What the New York Times can't even see in today's record-low bank interest rates...
LESTER BANGS getting loaded on speed, brandy and casual violence...throwing empty bottles down onto the street and assaulting a good friend's long-time partner...before reviewing Lou Reed's Metal Machine Music...
That was high-risk behavior.
Phillipe Petit walking a tight-rope between the Twin Towers of the World Trade Center...That was high-risk behavior.
Just being Simon Cowell, especially in public! That's risk-seeking behavior of the most reckless kind...
But trying to beat the rate of inflation with your savings? Does that really have to carry the same thrills and spills as putting a gun to your head and wincing in hope that the chamber is empty?
At current US bank interest rates, "If you wanted to put away enough to produce a retirement income of $50,000 a year without touching the principal, you would need $100 million on deposit," writes Floyd Norris, chief financial correspondent of the New York Times.
"To be sure, you could get a better rate with that kind of money. But not that much better."
Norris notes how, with interest rates pegged near zero, the US banking sector is literally printing money. Between Jan. and March, J.P.Morgan Chase paid just over 0.8% to raise funds. It then lent out that money at better than 4.0% on average.
"Perhaps the toll on savers should get some attention," says Norris. Yet remarkably - incredibly - he doesn't mention the true toll on cash savers in his little exposé. Not once.
Last month you needed to tie-up your money for 3 years minimum before beating inflation with a certificate of deposit (CD).
That's official inflation of 2.3% per year, by the way, rather than the 5.7% rate pegged by pre-Clinton CPI calculations, or the 9.5% rate pegged by John Williams ShadowStats' maths.
That inflation-beating lock-up also means giving your money to Aurora Bank FSB as well. Which just happens to be all that's left of Lehman Bros.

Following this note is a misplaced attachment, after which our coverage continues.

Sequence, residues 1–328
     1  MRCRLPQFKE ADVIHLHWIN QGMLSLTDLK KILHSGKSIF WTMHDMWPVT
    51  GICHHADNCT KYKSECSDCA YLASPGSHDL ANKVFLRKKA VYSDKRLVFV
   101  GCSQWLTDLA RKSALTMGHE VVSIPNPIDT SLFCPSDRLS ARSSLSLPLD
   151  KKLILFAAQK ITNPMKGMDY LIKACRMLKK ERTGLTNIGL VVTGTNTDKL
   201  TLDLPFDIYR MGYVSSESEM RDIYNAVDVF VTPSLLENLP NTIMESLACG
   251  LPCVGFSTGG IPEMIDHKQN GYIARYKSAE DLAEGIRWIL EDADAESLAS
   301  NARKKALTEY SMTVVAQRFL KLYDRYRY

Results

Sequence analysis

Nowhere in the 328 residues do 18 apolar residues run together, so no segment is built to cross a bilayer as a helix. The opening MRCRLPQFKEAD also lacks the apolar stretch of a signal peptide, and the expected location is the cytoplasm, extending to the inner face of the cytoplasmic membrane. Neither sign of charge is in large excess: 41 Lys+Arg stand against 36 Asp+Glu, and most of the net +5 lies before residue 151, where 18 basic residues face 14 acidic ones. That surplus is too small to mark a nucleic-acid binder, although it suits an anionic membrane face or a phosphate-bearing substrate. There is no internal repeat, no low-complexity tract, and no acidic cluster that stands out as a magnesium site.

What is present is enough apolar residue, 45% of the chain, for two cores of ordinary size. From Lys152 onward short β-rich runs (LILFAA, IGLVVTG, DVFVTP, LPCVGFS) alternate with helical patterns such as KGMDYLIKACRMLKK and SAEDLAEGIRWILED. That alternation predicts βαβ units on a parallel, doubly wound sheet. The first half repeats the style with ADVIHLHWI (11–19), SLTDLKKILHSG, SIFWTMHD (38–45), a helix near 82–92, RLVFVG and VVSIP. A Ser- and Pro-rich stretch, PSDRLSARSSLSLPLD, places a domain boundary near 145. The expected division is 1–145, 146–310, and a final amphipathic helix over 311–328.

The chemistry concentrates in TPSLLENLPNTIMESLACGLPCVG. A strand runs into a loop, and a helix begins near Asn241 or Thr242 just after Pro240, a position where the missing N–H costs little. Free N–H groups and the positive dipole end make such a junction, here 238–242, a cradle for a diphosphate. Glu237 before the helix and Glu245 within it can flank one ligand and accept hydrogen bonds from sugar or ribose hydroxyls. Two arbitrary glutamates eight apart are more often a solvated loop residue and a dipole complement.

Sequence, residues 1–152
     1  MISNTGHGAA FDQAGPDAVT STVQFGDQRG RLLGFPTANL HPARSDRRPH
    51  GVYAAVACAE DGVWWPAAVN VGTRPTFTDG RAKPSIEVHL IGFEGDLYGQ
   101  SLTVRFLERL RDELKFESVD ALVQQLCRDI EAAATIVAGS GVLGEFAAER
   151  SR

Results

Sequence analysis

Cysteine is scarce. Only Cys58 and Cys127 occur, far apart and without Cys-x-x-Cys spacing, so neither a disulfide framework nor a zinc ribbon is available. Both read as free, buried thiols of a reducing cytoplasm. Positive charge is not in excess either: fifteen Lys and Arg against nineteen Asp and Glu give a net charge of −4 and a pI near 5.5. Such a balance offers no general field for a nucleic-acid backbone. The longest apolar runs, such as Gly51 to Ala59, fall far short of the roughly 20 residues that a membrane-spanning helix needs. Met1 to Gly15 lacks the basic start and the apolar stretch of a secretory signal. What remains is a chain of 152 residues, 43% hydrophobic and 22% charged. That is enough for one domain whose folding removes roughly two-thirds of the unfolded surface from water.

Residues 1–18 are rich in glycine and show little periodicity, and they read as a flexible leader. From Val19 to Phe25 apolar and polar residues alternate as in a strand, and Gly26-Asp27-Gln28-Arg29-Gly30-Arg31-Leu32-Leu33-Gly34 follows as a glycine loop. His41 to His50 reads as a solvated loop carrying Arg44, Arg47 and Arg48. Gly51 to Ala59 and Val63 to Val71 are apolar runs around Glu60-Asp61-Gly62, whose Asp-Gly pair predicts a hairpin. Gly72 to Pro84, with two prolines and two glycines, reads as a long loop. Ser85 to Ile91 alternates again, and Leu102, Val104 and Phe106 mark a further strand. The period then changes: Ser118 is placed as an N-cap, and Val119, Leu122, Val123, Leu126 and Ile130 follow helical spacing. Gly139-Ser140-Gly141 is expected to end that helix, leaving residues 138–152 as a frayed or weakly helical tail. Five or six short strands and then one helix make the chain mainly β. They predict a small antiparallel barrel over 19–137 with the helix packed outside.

But hey - Aurora's just a bank looking for funds, and willing to pay more than anyone else (according to BankRate.com) to get them. And besides, you got to take chances in life to get the big knock-out returns, right?
|Average Real Rate of |
Interest on 6-month CD
|Gold price |
"At some point in the future, we're going to need to begin to adjust the language, to begin to see changes in the substance of the policy," said one Federal Reserve policy-maker this week.
Meantime, however, the current Fed language - "exceptionally low for an extended period" - condemns cash-savers to sub-zero returns, even with inflation at barely half its 45-year average on the official CPI measure.
"I'm comfortable with interest rates where they are now," agreed another Fed chief, also on Thursday. "Everything depends on economic performance," said a third, confirming what chairman Ben Bernanke said in his congressional testimony on Wednesday.
What does that mean for savers? The longer that interest rates stay below the pace of inflation, the more risk you'll be forced to take to defend what savings you've got. Cash, after all, is only for shopping and spending....not holding its value as a store of wealth. Or at least, that's how zero-rates make it seem. Which I guess is the point of the Fed's anti-deflation policy.
So out in the zero-crazed world of trying to scrape an income, "Investors go exotic for esoteric asset-backed yields," reports EuroMoney. Institutional investors are piling into securitized debt backed by rental-car fleets, transportation, mobile phones, aircraft, shipping containers, copyright and other intellectual property, time-share mortgages and casualty insurance. Because "Investors can earn higher yields for these assets because they're less liquid and require extra due diligence," says the magazine.
"Though here, too, spreads have narrowed, investors can pocket 100 to 150 basis points more, on average, than they would buying plain-vanilla consumer asset-backed securities."
And over in Tokyo, where rates have been pegged at zero - again, "dependent on the economy" - for almost 10 years, "Japanese go wild for Brazil" reports the Financial Times. Long-time Japan watchers will wince to recall what happened when Mr. and Mrs Watanabe last bought South American bonds...just in time for the Argentine default of 2002.
But sub-zero returns paid to cash make you do weird and dangerous things with your money. Like forgetting how bad things turned out the last time that sub-zero rates forced you - and your pension fund manager - into high-risk behavior.